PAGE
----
This would be great for us, if we used cash.

We don’t have much of a cash system in our house.  We budget x dollars for food, gas, ect. Everything goes on the credit card, we track how much is spent, and the card gets paid off each month. When the budgeted money is gone, we put the credit cards away.

But now that we’ve been working with a budget for a few months, something strange and wonderful has been happening. Each month, we spend a bit less. There’s always a few dollars leftover in each budget. I’ve been rolling that money into the next month’s budget, but it’s starting to add up.

Today, I vow to USE my snowflakes to better our financial picture!  I’m thinking we should send 75% to the mortgage, 25% into student loans. (Check out my goals for reasoning.)

We’ll sit down and finish our budget tonight. Check back tomorrow and see how many snowflakes we found!

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We recently sold a bunch of stuff on Ebay, and were all set to make over $100 profit after shipping. Terrific!

Then we got the bill for shipping…  thanks to a $5 gas surcharge and a $44 “oversized box” surcharge, our profit margin shrunk dramatically. (I talked about this earlier this week – we’re so disorganized, we didn’t even realize this was a bill!)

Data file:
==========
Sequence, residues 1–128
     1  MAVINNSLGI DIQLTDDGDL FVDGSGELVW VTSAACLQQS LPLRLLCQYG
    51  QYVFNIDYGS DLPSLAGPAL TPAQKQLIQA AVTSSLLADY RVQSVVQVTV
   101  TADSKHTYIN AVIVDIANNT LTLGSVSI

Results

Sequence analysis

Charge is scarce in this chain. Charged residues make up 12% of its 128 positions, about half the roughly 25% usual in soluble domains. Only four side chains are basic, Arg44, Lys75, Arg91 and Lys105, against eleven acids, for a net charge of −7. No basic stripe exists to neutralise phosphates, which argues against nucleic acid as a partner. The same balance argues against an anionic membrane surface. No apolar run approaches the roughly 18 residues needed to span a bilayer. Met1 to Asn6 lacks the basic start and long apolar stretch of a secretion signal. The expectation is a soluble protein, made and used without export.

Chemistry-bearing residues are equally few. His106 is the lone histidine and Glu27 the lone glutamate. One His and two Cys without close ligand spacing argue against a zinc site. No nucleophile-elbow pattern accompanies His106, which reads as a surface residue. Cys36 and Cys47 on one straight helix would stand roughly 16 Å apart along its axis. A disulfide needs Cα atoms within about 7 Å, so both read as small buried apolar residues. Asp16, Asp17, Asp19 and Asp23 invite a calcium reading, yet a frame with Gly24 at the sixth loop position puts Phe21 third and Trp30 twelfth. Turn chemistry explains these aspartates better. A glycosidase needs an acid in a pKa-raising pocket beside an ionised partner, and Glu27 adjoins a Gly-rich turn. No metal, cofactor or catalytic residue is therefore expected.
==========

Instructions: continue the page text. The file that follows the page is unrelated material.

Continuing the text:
Ready to admit defeat? No way!

I called UPS and politely asked why we were charged an extra $51. It turns out that the second-longest length on the box was more than 30 inches, so we got hit with an oversized box fee. Huh?

I explained that this had never happened before, and we were loyal UPS users. He appologized, waved the fee as a one-time courtesty, and explained how we could avoid the fee in the future.

It pays to be polite, and to take the time to call when you’re unsatisfied! That $44 (we still had to pay the gas surcharge) is going right into the hubby’s “new toy fund.”